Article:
Ukraine - General Information
- 1 Country Name
- 2 National Railway System
- 3 Languages
- 4 Currency
- 5 UIC code
- 6 Timetable
- 7 Maps
- 8 Ticketing
- 9 Infrastructure
- 10 Other public railways
- 11 Tourist lines
- 12 Metro
- 13 Trams
- 14 Recent and Future Changes
- 15 Future Changes
- 16 Recent Changes (latest first)
- 17 Special notes
- 18 See also
National Railway System
The State Administration of Railway Transport of Ukraine "Ukrzaliznytsia" - Українські Залізниці [УЗ].
Until the break-up of the Soviet Union, the Ukrainian railways were an integral part of its broad-gauge network. Since independence in 1991, it has evolved technically and operationally in accordance with the changing national political and economic framework, in which road competition has increased significantly, and some minor rail services have been withdrawn. Nevertheless they remain an important part of the national transport infrastructure, and investment continues, notably in renovating major stations.
National Railway Operator
Ukrainian and Russian are officially recognised. Both are written in Cyrillic characters, but the Ukrainian alphabet includes several characters not used in Russian. This site uses the official Ukrainian (as opposed to the former Russian) geographic names. The Ukrainian National Transliteration (UNT) is used for the transliteration of Ukrainian Cyrillic, as recommended by the Ukrainian authorities.
Railway tickets are normally issued from computer terminals and may be issued in either language, depending on how the passenger requests it.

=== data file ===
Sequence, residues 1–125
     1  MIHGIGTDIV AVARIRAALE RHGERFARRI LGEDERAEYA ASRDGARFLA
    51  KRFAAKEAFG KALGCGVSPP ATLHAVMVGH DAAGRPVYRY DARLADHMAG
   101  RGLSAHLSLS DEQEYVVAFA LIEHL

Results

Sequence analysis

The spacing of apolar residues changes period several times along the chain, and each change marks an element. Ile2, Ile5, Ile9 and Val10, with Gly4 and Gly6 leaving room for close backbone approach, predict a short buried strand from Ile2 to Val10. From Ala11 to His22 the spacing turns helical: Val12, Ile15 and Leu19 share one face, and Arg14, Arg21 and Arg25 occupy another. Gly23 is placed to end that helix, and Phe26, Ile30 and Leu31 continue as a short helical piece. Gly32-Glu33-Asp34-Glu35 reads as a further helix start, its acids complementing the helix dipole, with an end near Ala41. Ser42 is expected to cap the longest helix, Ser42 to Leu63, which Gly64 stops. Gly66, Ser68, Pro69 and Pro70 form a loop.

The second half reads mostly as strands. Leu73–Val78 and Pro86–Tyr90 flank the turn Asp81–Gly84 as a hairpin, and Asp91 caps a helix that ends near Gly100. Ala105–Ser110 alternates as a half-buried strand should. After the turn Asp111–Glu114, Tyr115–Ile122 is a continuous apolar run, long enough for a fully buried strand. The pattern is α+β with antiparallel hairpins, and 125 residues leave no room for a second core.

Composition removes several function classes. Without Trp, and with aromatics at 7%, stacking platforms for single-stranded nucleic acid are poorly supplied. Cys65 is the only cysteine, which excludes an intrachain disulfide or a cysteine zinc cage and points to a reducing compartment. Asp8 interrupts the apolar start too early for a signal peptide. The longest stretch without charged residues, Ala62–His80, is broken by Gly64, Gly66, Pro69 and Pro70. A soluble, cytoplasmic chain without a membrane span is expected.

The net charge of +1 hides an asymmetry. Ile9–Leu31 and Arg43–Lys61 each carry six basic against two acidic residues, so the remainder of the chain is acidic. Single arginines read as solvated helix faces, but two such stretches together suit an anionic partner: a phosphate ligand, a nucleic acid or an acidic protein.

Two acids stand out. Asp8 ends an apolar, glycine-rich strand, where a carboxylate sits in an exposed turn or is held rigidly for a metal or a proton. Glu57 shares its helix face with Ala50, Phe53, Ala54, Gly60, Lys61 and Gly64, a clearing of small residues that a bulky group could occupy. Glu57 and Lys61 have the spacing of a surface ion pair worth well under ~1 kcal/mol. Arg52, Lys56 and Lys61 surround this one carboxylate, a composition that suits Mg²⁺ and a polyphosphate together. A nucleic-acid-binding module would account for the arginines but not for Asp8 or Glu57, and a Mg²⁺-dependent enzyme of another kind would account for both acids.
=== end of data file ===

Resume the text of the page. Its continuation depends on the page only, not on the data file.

Hrivna (UAH) = 100 kopeks
numeric 22; alpha UA
A journey planner is available for main line trains on the UZ website.
It is also possible to use the CIS journey planner although this renders Ukrainian names in Russian form, with sometimes strange transliterations such as Harkov for Kharkiv.
For local trains (Elektrychka), each region has its own journey planner:
- Dnipropetrovs’k region
- Donets’k region
- Kharkiv region in Cyrillic only although the page is supposed to be in English
- Kyiv region
- L’viv region
- Odesa region
It is also possible to access the regional journey planners from that for the Kyiv region by using the drop-down list showing “Ukrzaliznica (Ukrain)” to find the required region. The Ukrainian version is somewhat more “complete” than the English one.
The links previously given on the UZ Web site at www.uz.gov.ua/?m=services.transppl.schedule and in English on the unofficial site at www.ts.kiev.ua/kiev/transpor/train/tte.htm no longer work. Any current information would be appreciated by the compilers; please visit Contacts for details of how to send any information to the Guide.
Timetable information for local services (in Cyrillic script) is available as follows:
- Dnipropetrovsk region (individual train prints)
- Donetsk region (individual train prints)
- Kharkiv region (individual train prints)
- Kiev region (route timetables)
- Lviv region (individual train schedules)
- Odessa region (individual train prints)
The following regions also have individual train schedules for long distance services running over their tracks:
The complete public timetable is normally available only to railway staff. Summary printed timetables for main and local trains were sold in the relevant areas in the past, but these may no longer be available. Schedules of stopping services are posted at the stations concerned.
As trains run infrequently, engineering work is usually carried out when no trains are scheduled to run. Major changes may be shown on the home pages of the relevant regions.
There are many changes to long distance services owing to ongoing engineering work around Ternopil.
- A comprehensive atlas of the Ukrainian rail network (and that of Belarus) in English and German, which records the evolution of the network and place-names on it, has been published in December 1995 by the Quail Map Co. (Lincoln Rd., Exeter, UK EX4 2DZ (ISBN 1 898319 10 3) but is now out of print.